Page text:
They stop in front of the very same cabin they did in the beginning. Frank runs into the woman in white inside the cabin, but fights her off. He punches Marion and knocks her out. He grabs his shotgun and chases the woman in white into the forest.
Marion wakes up in the back seat next to Laura’s body. There are shapes moving around outside, so she starts the car and drives away. Finally, she runs out of gas. She continues on foot. She passes bodies in body bags. Opening one, she finds Frank’s body. The woman in white and the black car appears; the woman says he’s not there for Marion, gets in, and rides off.
Marion wakes up in the hospital. A strange man in black visits to check on her, talking to the doctor. He says he’s the one who found the scene. All the others died in the accident when Frank fell asleep. They ran head-on into a car with a woman and her baby. He thanks Dr. Marcott and leaves, offering her a lift in his big, black car.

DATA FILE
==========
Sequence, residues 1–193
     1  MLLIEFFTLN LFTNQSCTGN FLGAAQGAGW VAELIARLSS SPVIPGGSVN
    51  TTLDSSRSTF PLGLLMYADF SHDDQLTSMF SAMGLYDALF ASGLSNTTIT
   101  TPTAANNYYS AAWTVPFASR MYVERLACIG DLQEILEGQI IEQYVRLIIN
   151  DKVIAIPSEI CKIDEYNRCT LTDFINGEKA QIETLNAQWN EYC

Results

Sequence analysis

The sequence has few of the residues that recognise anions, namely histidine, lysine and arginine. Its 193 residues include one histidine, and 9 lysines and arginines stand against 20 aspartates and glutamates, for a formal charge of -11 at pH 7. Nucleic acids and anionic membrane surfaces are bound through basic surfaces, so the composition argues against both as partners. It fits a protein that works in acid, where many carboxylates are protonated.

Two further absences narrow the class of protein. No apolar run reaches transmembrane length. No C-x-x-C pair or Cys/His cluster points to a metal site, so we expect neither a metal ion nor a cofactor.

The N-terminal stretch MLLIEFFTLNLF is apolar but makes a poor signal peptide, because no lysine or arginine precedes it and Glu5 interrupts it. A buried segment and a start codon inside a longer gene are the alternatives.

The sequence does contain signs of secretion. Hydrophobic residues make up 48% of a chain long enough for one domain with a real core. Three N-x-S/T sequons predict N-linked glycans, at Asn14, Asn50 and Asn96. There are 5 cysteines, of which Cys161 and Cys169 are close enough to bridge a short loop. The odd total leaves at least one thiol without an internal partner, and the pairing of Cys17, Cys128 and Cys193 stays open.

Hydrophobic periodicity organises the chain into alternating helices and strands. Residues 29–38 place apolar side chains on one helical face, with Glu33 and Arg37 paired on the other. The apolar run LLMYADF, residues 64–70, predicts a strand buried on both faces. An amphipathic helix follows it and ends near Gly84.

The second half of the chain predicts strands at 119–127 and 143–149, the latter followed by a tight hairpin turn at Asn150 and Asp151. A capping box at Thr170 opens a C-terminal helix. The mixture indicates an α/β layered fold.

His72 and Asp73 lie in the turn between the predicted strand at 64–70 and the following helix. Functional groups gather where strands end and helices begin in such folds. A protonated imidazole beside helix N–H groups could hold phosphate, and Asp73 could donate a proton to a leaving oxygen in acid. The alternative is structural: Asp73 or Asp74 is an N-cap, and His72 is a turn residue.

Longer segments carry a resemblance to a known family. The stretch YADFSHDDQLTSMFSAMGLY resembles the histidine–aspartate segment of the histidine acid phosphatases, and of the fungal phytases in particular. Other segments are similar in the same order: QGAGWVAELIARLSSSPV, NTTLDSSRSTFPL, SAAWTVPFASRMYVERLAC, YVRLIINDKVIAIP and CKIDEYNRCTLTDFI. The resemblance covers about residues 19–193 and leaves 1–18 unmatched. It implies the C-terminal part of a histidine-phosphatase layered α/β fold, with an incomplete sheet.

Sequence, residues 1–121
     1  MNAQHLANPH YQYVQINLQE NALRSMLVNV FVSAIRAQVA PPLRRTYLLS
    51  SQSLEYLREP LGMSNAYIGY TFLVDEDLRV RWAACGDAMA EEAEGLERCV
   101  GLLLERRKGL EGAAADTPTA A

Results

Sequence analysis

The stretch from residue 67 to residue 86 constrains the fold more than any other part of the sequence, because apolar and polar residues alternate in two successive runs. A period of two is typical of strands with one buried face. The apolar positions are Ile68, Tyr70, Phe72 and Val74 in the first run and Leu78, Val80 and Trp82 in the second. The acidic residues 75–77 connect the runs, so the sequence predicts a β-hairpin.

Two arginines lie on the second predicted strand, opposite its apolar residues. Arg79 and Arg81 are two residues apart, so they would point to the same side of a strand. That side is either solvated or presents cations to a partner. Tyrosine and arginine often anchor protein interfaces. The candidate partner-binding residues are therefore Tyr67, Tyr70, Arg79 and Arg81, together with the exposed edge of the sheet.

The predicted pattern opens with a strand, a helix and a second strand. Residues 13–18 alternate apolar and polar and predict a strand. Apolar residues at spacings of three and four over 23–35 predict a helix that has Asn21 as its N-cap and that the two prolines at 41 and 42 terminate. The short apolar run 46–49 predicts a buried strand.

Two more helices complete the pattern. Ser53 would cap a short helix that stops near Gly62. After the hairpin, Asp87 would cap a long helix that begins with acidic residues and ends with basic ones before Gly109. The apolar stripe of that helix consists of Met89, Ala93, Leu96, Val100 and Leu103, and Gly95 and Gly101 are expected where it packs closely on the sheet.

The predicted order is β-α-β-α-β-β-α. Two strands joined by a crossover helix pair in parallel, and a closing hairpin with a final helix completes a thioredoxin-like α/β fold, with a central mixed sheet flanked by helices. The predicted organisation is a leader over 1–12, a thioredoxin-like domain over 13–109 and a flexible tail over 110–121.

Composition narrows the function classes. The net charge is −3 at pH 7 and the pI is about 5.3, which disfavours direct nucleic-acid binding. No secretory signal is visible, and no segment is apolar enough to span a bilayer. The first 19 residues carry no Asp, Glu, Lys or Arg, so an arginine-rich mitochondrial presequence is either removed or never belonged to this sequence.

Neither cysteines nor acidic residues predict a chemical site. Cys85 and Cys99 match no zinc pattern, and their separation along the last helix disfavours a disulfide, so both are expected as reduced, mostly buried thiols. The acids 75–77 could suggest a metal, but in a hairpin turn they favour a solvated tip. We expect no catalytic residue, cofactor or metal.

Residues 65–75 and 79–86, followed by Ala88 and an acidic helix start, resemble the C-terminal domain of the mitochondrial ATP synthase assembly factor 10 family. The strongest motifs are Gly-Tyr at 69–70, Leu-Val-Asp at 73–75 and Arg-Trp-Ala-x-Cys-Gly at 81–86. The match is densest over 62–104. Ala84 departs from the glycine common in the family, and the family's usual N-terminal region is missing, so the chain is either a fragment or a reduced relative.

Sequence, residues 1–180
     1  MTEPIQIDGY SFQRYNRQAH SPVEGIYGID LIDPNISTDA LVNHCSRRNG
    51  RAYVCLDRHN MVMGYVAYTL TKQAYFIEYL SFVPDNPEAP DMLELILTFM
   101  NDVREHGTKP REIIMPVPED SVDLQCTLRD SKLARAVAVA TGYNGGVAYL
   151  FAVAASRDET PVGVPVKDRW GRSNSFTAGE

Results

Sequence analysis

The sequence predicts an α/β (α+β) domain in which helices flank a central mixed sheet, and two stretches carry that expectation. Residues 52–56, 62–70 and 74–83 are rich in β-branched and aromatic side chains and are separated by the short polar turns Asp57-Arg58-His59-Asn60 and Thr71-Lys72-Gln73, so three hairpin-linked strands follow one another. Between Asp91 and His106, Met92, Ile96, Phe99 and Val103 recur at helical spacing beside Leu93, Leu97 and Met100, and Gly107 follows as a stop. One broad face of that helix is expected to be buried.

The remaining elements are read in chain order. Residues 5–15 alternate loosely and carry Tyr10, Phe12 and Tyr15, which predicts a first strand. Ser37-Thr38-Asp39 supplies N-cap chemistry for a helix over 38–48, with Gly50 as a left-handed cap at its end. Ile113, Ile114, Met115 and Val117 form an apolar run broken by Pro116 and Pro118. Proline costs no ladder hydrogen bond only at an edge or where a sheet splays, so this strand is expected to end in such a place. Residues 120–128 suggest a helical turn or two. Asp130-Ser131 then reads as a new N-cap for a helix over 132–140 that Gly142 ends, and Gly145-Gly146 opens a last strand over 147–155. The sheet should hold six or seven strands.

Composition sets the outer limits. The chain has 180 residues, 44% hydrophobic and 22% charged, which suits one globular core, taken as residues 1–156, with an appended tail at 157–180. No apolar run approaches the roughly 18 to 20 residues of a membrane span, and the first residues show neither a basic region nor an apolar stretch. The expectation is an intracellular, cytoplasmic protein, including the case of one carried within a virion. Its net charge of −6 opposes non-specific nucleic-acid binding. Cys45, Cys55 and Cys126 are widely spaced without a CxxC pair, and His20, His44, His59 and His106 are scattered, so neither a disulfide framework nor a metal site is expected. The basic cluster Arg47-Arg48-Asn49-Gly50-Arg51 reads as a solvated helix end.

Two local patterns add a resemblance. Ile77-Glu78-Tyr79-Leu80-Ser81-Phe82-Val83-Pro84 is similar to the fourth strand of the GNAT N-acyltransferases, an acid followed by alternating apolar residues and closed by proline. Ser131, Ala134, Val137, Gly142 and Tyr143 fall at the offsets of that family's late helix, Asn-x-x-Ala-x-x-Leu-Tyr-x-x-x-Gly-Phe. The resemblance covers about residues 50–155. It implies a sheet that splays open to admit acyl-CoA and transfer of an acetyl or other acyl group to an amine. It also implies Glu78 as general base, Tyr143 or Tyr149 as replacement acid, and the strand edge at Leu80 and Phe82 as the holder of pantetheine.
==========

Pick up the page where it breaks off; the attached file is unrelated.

That was a lot of screaming and arguing and airing of grievances. It’s a real Christmas movie! There’s a minimal amount of gore, but the scares here are more suspenseful than anything else.
It has a lot of dark humor and good comedic lines, but it’s all deadly serious. It’s pretty apparent what the deal is; that they’ve been dead from the start and stuck in a loop, but the fun is watching them figure it out. It gets bleaker and bleaker until the end.
It’s barely a Christmas movie, but I liked it a lot. The building tension and growing hopelessness is really well done. Plus it’s got Ray Wise, which is always a win.
Wind Chill (2007)